Other ConcernsUse restrictions (high), Endocrine disruption (moderate), and Persistence and bioaccumulation (moderate)
Unacceptable: EWG VERIFIED products cannot contain this ingredient
A UV filter not approved as an active ingredient for sunscreen in the U.S., but listed as an inactive ingredient in some products. European researchers cite concerns over thyroid toxicity, hormone disruption, and recommend the chemical not be used in sunscreen.
See how this product scores for common concerns.
LOWAllergies & Immunotoxicity
MODERATEDevelopmental and Reproductive Toxicity
- DATA SOURCES
Products with this Ingredient
|daily use with SPF||1 products|
Enhanced skin absorption
|Absorbs into the skin||Open scientific literature|
|Violation of government restrictions - Restricted in cosmetics; use, concentration, or manufacturing restrictions - any||Open scientific literature|
|Human endocrine disruptor - strong evidence||European Commission on Endocrine Disruption|
|Limited evidence of any disruption||Open scientific literature|
|Associated with endocrine disruption||Open scientific literature|
Persistence and bioaccumulation
|Persistent, bioaccumulative in wildlife||OSPAR PBTs - Substances of Possible Concern|
|Persistent, bioaccumulative in wildlife||Emerging PBTs from peer-reviewed literature|
|Ingredient is suspected or measured to accumulate in people||Open scientific literature|
|Not suspected to be persistent||Environment Canada Domestic Substance List|
|One or more animal studies show any effects at very low doses||Open scientific literature|
|One or more animal studies show developmental effects at low doses||Open scientific literature|
|Limited evidence of developmental toxicity||Open scientific literature|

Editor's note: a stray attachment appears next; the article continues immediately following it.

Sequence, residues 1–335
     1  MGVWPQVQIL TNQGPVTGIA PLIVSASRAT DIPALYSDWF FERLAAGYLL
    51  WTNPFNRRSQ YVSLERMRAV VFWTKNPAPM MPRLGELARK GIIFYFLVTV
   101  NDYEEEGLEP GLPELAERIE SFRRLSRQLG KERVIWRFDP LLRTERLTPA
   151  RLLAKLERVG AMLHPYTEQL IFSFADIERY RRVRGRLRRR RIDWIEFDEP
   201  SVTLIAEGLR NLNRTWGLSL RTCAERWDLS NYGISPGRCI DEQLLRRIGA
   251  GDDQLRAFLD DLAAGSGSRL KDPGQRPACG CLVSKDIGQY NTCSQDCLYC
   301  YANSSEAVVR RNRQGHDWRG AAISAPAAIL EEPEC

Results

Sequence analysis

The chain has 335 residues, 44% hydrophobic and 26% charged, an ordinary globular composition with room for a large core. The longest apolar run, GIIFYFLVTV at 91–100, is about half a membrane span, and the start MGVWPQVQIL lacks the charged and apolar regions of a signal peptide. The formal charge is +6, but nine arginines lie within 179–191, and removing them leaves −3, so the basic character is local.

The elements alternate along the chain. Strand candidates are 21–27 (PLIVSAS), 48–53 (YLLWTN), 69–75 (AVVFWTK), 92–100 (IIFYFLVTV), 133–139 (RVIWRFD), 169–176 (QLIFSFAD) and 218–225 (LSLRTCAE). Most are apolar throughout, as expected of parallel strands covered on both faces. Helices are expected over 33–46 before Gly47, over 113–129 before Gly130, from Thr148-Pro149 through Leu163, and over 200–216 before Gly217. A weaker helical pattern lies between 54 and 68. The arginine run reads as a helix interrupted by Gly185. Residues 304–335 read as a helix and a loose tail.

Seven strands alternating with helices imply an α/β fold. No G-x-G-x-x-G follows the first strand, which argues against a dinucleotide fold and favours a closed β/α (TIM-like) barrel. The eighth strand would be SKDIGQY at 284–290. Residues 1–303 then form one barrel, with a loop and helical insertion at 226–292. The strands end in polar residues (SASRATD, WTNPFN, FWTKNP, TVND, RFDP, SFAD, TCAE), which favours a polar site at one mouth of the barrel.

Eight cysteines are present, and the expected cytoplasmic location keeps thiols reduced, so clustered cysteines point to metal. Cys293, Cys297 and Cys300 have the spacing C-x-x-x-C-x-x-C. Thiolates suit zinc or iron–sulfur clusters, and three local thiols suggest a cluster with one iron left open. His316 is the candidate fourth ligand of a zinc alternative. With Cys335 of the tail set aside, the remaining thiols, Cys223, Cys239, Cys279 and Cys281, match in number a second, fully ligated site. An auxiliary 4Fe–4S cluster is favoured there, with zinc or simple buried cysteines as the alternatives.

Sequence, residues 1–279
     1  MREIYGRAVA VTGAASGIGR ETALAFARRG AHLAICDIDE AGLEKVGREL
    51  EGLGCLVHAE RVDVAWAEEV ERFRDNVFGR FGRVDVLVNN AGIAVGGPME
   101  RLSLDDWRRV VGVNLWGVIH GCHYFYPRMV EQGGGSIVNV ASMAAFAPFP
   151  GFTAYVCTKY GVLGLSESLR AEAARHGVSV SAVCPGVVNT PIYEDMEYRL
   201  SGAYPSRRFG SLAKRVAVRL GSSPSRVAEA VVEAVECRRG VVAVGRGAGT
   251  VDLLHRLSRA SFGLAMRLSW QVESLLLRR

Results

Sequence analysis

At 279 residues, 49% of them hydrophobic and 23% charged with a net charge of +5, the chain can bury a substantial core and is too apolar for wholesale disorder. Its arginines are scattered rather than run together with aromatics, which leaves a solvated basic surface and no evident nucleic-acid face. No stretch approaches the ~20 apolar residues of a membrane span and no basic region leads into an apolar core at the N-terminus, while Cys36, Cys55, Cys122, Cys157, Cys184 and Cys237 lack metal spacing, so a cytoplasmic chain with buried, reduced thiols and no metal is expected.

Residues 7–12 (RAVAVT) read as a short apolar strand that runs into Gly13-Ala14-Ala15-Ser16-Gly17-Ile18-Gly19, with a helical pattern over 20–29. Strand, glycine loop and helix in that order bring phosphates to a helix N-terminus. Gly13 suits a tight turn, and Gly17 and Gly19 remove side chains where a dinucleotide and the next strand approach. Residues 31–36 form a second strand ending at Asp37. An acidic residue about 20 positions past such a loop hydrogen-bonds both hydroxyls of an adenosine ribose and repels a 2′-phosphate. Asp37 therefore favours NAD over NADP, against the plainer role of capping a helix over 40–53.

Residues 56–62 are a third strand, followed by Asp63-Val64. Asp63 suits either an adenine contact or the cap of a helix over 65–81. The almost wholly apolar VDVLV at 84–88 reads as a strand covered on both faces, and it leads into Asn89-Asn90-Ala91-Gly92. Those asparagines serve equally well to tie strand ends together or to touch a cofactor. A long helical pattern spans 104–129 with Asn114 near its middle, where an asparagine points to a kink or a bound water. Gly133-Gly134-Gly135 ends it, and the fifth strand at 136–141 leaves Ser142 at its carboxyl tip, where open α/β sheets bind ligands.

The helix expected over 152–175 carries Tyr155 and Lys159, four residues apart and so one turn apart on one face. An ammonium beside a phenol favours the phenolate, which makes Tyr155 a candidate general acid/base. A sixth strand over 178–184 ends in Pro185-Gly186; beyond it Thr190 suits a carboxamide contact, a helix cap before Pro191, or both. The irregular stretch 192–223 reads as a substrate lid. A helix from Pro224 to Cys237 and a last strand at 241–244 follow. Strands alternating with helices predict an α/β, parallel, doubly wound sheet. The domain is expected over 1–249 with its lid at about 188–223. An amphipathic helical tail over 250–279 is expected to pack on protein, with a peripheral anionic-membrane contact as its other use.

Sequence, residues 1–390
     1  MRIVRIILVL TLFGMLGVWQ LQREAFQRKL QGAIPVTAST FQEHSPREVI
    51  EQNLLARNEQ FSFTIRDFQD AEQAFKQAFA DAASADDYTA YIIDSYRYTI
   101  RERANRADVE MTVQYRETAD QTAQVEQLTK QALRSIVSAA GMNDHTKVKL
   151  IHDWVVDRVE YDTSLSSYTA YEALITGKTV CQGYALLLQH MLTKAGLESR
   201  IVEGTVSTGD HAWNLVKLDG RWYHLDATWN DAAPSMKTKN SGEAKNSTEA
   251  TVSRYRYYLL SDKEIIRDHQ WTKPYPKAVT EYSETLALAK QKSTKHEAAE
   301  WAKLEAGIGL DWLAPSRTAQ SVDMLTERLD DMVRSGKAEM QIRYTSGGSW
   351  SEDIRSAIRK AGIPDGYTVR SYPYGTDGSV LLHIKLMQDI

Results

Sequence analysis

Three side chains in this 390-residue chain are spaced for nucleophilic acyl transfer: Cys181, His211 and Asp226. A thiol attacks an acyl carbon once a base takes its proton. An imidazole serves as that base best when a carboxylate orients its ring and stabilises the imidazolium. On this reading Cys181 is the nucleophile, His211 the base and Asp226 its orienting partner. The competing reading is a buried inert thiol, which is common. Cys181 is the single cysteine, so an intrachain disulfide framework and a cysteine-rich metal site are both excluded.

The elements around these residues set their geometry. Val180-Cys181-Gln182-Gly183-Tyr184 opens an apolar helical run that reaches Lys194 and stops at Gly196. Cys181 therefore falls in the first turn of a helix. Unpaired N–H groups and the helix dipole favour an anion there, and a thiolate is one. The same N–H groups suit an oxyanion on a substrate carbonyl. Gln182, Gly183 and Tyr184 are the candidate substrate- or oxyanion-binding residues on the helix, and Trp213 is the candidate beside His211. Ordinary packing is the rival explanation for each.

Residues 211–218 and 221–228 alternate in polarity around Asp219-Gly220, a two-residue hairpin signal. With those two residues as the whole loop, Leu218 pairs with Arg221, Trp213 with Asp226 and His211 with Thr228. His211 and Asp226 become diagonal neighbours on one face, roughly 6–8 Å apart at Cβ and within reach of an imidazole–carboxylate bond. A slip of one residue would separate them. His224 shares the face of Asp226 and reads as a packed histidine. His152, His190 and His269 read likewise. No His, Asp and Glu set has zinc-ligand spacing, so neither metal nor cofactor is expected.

|4773 studies in PubMed science library may include information on the toxicity of this chemical||NLM PubMed|
|Not suspected to be an environmental toxin||Environment Canada Domestic Substance List|
Organ system toxicity (non-reproductive)
|Classified as not expected to be potentially toxic or harmful||Environment Canada Domestic Substance List|
- Open scientific/peer reviewed literature
- EU (European Union)- Strategy for Endocrine Disrupters 2007. Commision on endocrin disruption requested by the European Parliament in 1998.
- OSPAR (Oslo-Paris). 2002. OSPAR List of Substances of Possible Concern. Secondary OSPAR List of Substances of Possible Concern. Secondary OSPAR. Place Published, OSPAR Convention for the Protection of the Marine Environement of North-East Atlanic.
- Emerging PBTs from peer-reviewed literature
- EC (Environment Canada). 2008. Domestic Substances List Categorization. Canadian Environmental Protection Act (CEPA) Environmental Registry.
- NLM (National Library of Medicine). 2012. PubMed online scientific bibliography data. http://www.pubmed.gov.
Cosmetics and personal care products are not required to be tested for safety before being allowed on the market. The Skin Deep® scoring system was designed to help the public understand whether a product is safe to use or whether it contains ingredients of concern.
Every product and ingredient in Skin Deep gets a two-part score – one for hazard and one for data availability. The safest products score well by both measures, with a low hazard rating and a fair or better data availability rating.HOW WE DETERMINE SCORES
The Skin Deep ingredient hazard score, from 1 to 10, reflects known and suspected hazards linked to the ingredients. The EWG VERIFIED® mark means a product meets EWG’s strictest criteria for transparency and health.
The Skin Deep data availability rating reflects the number of scientific studies about the product or ingredient in the published scientific literature.